January 17, 2014

Indiana bishops endorse proposed state amendment defining marriage as between one man and one woman

By Sean Gallagher

The six Catholic bishops serving in Indiana have endorsed a proposed state constitutional amendment that would define marriage as exclusively between one man and one woman.

The proposed amendment, which has been designated as House Joint Resolution 3 (HJR3), also states that other legal unions “identical or substantially similar to that of marriage” will not be recognized by the state.

Glenn Tebbe, executive director of the Indiana Catholic Conference (ICC), the official public policy voice of the Catholic Church in Indiana regarding state and national matters, spoke on behalf of the bishops on Jan. 13 during a three and a half hour Indiana House Judiciary Committee meeting in which testimony was heard regarding HJR3. (Related: Statement of Glenn Tebbe at Indiana House committee meeting)

“We support HJR3 as a means for defending the nature of marriage as the union of one man and one woman,” Tebbe said.

Tebbe was joined by several other witnesses representing various groups—some supporting HJR3, some opposing it.

The committee meeting ended without a vote being taken on HJR3. As this newspaper went to press on Jan. 14, no date had been set for a future meeting of the committee during which a vote could be taken.

In his testimony, Tebbe affirmed the Church’s teaching on the dignity of every human person, “including persons with same-sex attraction.”

At the same time, he noted that the Church upholds the “dignity and sanctity of marriage,” which, “by its very nature … is a permanent partnership between one man and one woman.”

Tebbe also explained that marriage so understood is the “foundation of the family” and provides a solid context for the raising of children. He also said that “it is not within the power of either the Church or the state to redefine marriage since God is its author.”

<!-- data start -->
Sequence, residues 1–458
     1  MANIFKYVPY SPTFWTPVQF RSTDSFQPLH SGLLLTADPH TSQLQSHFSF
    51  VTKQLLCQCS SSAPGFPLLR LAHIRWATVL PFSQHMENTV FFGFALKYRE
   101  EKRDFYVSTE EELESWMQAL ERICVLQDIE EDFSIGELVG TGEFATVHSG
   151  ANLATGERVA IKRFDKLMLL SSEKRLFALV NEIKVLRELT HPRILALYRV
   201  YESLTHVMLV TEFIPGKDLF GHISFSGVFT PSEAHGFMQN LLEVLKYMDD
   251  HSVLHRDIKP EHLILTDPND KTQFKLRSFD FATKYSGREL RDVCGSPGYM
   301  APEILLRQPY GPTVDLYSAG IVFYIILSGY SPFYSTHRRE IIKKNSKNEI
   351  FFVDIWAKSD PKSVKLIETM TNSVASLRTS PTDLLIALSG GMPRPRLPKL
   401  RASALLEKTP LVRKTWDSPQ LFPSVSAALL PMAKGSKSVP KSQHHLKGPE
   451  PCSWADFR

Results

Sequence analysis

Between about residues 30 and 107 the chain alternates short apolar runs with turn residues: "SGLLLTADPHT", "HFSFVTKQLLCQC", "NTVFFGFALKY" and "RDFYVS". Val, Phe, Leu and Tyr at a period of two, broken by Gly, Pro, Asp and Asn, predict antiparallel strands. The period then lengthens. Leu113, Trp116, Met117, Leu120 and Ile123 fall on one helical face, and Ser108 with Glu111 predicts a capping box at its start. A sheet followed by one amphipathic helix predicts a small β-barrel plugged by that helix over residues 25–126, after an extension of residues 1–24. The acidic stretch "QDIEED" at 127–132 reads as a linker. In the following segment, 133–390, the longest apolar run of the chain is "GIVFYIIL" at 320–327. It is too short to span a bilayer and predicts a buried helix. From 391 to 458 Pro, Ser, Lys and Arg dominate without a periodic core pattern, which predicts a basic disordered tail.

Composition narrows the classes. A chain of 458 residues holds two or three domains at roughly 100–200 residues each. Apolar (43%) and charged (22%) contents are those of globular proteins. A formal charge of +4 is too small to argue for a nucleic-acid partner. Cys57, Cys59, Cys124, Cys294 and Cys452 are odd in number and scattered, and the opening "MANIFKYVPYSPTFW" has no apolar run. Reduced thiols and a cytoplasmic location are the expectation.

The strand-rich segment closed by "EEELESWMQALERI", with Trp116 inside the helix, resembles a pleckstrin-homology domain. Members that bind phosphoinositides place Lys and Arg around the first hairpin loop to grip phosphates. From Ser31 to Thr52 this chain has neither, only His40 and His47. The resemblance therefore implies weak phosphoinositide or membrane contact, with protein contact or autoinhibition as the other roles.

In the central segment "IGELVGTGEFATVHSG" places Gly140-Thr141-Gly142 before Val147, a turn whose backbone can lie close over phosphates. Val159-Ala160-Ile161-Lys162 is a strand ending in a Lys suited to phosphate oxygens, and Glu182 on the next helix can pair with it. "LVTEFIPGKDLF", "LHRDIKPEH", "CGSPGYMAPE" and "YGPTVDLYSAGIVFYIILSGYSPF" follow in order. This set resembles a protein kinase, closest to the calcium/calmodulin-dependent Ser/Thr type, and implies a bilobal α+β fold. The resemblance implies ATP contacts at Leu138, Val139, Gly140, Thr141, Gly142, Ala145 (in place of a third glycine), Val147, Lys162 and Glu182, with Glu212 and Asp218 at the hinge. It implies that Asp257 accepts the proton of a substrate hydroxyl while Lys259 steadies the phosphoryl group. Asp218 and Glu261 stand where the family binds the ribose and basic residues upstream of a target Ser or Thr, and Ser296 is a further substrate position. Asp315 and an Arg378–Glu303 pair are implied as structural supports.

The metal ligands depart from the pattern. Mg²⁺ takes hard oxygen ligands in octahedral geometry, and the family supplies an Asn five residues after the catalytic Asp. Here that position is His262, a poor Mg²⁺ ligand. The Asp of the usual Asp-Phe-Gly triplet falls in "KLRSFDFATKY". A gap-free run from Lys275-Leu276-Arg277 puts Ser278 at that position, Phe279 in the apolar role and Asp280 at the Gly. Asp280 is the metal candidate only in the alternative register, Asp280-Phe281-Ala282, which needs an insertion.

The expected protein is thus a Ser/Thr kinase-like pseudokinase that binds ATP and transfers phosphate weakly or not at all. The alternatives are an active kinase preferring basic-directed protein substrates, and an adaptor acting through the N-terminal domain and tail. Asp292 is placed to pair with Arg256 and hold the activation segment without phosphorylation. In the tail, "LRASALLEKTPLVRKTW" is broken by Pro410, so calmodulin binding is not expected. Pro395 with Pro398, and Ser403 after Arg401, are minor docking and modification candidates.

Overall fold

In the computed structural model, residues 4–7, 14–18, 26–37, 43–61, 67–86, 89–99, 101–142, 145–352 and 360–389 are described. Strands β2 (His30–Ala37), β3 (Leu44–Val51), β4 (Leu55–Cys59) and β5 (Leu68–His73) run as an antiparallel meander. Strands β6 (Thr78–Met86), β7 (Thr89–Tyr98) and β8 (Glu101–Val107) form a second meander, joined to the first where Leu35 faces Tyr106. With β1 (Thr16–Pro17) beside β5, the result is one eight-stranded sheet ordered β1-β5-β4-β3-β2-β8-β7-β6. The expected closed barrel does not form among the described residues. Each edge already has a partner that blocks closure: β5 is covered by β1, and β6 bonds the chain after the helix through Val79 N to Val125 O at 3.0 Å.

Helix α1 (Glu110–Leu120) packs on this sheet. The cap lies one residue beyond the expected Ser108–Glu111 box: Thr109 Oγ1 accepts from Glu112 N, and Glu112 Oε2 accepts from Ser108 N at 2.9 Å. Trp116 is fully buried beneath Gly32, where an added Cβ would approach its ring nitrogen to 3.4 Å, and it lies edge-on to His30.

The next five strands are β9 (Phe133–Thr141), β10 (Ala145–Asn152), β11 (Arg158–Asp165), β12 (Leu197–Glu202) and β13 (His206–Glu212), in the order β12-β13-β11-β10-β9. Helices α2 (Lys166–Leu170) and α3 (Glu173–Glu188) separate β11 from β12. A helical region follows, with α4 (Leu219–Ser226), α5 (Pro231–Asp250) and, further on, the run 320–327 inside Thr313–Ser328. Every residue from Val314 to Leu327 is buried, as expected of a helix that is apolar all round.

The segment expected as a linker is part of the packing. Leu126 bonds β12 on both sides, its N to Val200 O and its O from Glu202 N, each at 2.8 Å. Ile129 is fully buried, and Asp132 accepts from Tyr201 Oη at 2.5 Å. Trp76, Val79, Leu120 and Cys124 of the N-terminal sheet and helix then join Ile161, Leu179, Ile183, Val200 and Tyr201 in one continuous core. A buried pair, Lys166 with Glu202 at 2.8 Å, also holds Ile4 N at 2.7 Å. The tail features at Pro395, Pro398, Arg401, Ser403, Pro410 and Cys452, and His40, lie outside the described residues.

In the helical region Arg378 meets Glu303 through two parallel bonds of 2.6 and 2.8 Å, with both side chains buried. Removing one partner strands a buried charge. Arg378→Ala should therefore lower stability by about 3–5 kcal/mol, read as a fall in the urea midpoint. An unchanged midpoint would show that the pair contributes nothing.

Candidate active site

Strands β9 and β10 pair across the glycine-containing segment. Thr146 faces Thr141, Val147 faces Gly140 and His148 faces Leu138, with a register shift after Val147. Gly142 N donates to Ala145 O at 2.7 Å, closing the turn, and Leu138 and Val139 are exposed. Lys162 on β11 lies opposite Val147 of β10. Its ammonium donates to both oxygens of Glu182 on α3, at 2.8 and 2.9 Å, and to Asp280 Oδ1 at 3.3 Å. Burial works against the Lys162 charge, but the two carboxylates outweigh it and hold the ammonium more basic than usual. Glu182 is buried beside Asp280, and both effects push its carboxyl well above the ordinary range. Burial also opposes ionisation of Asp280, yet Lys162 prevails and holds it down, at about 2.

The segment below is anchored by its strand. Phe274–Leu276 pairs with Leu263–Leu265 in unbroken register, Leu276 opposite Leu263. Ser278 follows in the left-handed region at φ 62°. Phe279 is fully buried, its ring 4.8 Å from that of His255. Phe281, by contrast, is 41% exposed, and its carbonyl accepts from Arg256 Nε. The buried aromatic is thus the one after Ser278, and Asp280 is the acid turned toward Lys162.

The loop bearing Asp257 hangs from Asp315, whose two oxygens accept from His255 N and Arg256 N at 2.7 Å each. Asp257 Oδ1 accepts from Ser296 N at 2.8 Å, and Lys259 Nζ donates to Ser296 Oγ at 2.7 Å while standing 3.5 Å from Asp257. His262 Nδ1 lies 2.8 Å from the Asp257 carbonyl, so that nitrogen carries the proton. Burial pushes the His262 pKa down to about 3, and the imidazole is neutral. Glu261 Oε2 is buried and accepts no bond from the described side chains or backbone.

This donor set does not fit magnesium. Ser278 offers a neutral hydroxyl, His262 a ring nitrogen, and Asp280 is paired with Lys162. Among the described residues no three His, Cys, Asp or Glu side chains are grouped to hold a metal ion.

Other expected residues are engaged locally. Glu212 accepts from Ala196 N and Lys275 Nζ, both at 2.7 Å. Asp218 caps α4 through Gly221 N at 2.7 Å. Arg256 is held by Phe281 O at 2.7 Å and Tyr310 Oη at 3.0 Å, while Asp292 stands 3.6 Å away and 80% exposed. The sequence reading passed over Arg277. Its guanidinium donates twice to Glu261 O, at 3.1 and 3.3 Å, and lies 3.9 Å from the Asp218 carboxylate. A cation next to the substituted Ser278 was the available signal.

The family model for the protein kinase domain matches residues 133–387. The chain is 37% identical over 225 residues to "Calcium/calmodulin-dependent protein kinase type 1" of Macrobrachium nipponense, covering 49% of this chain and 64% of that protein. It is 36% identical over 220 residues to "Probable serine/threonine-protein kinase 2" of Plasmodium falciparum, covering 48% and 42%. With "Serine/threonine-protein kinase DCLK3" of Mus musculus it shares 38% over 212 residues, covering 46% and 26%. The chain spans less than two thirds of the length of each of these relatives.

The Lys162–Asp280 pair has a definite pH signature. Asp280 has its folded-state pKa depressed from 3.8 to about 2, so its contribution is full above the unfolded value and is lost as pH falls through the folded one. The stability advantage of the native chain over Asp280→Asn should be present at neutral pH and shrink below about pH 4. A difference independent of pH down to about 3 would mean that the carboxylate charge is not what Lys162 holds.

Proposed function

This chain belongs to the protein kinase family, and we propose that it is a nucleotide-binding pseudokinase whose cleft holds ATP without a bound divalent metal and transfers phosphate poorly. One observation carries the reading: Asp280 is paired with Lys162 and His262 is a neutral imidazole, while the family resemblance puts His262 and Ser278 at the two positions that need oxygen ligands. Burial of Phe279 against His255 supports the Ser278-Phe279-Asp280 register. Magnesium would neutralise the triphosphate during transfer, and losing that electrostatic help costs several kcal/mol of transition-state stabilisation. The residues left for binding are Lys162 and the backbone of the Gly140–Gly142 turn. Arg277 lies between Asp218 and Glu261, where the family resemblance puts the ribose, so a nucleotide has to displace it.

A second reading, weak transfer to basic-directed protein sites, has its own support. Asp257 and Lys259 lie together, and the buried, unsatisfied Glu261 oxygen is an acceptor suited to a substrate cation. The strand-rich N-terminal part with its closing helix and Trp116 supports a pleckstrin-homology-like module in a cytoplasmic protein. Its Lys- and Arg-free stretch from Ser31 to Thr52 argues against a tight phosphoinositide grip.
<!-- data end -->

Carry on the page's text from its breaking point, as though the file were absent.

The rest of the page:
Much of his testimony was either based on or taken directly from a pastoral statement about the dignity of all human persons and the dignity of marriage issued in December by the six Catholic bishops serving in Indiana, including Archbishop Joseph W. Tobin and Bishop Christopher J. Coyne, vicar general.

Tebbe’s expression of support for HJR3 on behalf of the bishops, however, was not included in that pastoral statement.

In comments made to The Criterion after the committee meeting, Tebbe explained the difference between the bishops’ statement in December and his testimony on Jan. 13.

He noted that state legislators had made no decision in December to take up the proposed amendment for consideration, and that the bishops’ pastoral statement had a broader purpose.

“The pastoral statement was more to help people focus on what the big issues are, how people can form their consciences about the teachings of the Church,” Tebbe said. “That was what the pastoral statement was designed to do.”

Once HJR3 was taken up for consideration in early January, then the ICC could address whether or not to support it.

“Once we had this particular question posed in terms of if we support this amendment or not, we did answer that,” Tebbe said. “We still affirmed in my statement what our position is and that, given the circumstance right now, [HJR3] is a means of defending the union in marriage of a man and a woman.”

(For more information about the Indiana Catholic Conference, log on to www.indianacc.org. For more on how the Church in the United States is working to strengthen marriage, log on to www.foryourmarriage.org.)

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